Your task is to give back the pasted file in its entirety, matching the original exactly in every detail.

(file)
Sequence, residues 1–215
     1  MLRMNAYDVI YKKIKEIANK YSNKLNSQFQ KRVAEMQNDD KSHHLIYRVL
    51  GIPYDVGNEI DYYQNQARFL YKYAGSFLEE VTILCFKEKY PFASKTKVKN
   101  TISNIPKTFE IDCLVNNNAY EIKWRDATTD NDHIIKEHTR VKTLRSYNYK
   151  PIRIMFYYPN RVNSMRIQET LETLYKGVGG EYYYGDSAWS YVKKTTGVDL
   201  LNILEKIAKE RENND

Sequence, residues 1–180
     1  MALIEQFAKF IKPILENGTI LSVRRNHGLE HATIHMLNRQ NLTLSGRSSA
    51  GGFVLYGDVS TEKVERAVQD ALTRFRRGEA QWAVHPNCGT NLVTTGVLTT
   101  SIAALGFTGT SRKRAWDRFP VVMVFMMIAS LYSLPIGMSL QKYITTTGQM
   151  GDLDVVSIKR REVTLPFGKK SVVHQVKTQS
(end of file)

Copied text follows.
Sequence, residues 1–215
     1  MLRMNAYDVI YKKIKEIANK YSNKLNSQFQ KRVAEMQNDD KSHHLIYRVL
    51  GIPYDVGNEI DYYQNQARFL YKYAGSFLEE VTILCFKEKY PFASKTKVKN
   101  TISNIPKTFE IDCLVNNNAY EIKWRDATTD NDHIIKEHTR VKTLRSYNYK
   151  PIRIMFYYPN RVNSMRIQET LETLYKGVGG EYYYGDSAWS YVKKTTGVDL
   201  LNILEKIAKE RENND

Sequence, residues 1–180
     1  MALIEQFAKF IKPILENGTI LSVRRNHGLE HATIHMLNRQ NLTLSGRSSA
    51  GGFVLYGDVS TEKVERAVQD ALTRFRRGEA QWAVHPNCGT NLVTTGVLTT
   101  SIAALGFTGT SRKRAWDRFP VVMVFMMIAS LYSLPIGMSL QKYITTTGQM
   151  GDLDVVSIKR REVTLPFGKK SVVHQVKTQS